Former Mondelēz, PepsiCo execs believe ethical kids chocolate brand has starry future
“They’ve not only created a fantastic tasting high-quality organic allergen free chocolate; they’ve added a fun educational toy box that is also sustainable and fully recyclable,” said Greg Beardwell, who spent nearly two decades with Mondelēz, in part as a global innovation manager. PLAYin Choc’s packaging immediately caught his eye, as did the brand’s ability to check nearly every box demanded by today’s thoughtful consumers.
“Having launched chocolate products for over 17 years I know how difficult it is to just get one part of these things right. The way they have managed to bring it all together into a product that people want to buy and at a price that they want to buy it is impressive.”
Maya Simler, along with her husband Dominic, developed the brand less than two years ago after scouring YouTube videos to learn how to make chocolate in her UK home kitchen. She wanted the cocoa to be sourced sustainably, the chocolate to be allergen-free, and the packaging to be ‘design-led.’
The brand’s flagship product, called ToyChoc Box, features two chocolate pieces made from organic Peruvian cacao, coconut sugar and creamed coconut, plus a hint of ground vanilla beans. Each box contains three little cardboard pieces that form a petite animal figurine – such as a giraffe (part of the endangered animals collection) or a squirrel in the ‘woodland’ series – and a few facts about the creature.
Design forward, ethically sound
In addition to being made from recycled cardboard, the boxes show off a whimsical, earth-toned design of stripes and checkerboards.
Its price point (£2.95 / $3.64 per unit) is also spot-on, according to Beardwell, especially for a sustainably sourced, small business product.
His former colleague agrees. Cesar Melo has also joined the brand as a consultant, having worked at Mondelēz as the president of global chocolate before moving to PepsiCo's categories and franchise division for Europe and Sub-Saharan Africa. Consumers are increasingly “gravitating towards smaller, very authentic brands which they can connect with at a more personal level,” he told ConfectioneryNews. Technology – especially ecommerce and social media – has simultaneously “eroded the scale advantages of large brands and barriers of entry for newcomers.”
The challenge, he noted, is ensuring that such an authentic brand can achieve financial and commercial sustainability far into the future. He believes PlayIN Choc can do just that.
He told us that his involvement with PLAYin Choc affirms that “there is room in this wonderful world of chocolate for both large, iconic, delicious brands which have been delighting people for many years – like some of the ones I had the luxury to manage – as well as for smaller, more tailored, targeted, purpose-driven brands.”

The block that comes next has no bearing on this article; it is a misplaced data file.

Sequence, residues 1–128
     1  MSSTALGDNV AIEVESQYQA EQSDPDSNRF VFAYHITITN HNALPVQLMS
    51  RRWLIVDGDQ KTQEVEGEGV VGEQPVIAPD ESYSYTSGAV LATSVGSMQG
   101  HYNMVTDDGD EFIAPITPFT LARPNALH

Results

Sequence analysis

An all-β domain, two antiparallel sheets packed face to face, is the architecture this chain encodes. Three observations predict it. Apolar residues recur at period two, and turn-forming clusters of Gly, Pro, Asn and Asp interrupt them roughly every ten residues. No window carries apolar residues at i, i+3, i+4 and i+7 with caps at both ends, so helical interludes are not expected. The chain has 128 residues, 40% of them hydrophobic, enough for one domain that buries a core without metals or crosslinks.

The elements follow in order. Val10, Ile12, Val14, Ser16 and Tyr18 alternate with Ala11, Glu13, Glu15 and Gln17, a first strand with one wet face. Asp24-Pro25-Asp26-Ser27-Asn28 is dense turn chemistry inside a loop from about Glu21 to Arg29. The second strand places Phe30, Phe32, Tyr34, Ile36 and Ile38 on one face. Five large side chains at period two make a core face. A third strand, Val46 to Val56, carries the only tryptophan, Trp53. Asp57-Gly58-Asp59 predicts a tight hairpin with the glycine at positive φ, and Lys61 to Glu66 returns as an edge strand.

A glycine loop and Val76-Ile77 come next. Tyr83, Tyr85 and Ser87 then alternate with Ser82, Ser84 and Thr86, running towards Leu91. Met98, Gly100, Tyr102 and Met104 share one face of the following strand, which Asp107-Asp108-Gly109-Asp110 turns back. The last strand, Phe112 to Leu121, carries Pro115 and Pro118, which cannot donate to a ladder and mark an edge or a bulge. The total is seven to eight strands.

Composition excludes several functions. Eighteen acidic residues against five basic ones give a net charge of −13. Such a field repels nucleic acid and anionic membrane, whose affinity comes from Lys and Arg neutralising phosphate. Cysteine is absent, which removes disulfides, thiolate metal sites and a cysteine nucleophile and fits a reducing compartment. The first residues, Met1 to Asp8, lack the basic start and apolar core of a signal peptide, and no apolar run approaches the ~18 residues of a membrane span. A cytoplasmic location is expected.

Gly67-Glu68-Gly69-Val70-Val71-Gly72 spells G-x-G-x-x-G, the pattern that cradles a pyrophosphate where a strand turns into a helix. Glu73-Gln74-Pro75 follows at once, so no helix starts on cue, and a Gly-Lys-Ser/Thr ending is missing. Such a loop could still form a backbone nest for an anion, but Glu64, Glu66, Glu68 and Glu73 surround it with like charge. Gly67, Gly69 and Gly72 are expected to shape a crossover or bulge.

That purpose will only become more important, agreed Beardwell, particularly as trends and consumers speed into a sustainable future for both ingredients and packaging. Millennials and Gen Z are “moving much faster…than the major confectionary companies are willing or able to react,” he said, and thus they are ‘actively seeking’ new products that meet those needs. “It is now easier than ever to find out about new products and get those products delivered to your home – no matter the size of the company.”
An ethical chocolate future
PLAYin Choc plans to raise an additional £2m ($2.4m) later this year, following its £250k round this year on the crowdsourced funding site CrowdCube. The team will continue to focus on growth, said Beardwell, after ‘refreshing and improving’ the brand’s design and the company’s website.
Production also moved to a fully integrated, modern factory “to ensure we produce high quality organic chocolate and carton board toys” and eventually “other pure chocolate product.”
“There is no reason it can’t be in all the major chocolate markets around the world,” added Beardwell.
For him, PLAYin Choc represents the quintessential product of a future rooted in sustainability – from a corporate governance side and from consumer expectation.
Established global brands must “find ways to react or…risk missing out to more nimble, innovative, smaller companies that have been founded on these trends from the beginning.”
The industry as a whole benefits from ‘bright’ prospects, added Melo. “The demographics are in its favor, products are getting better, and industry players are trying to do the right thing in terms of sustainability and health.”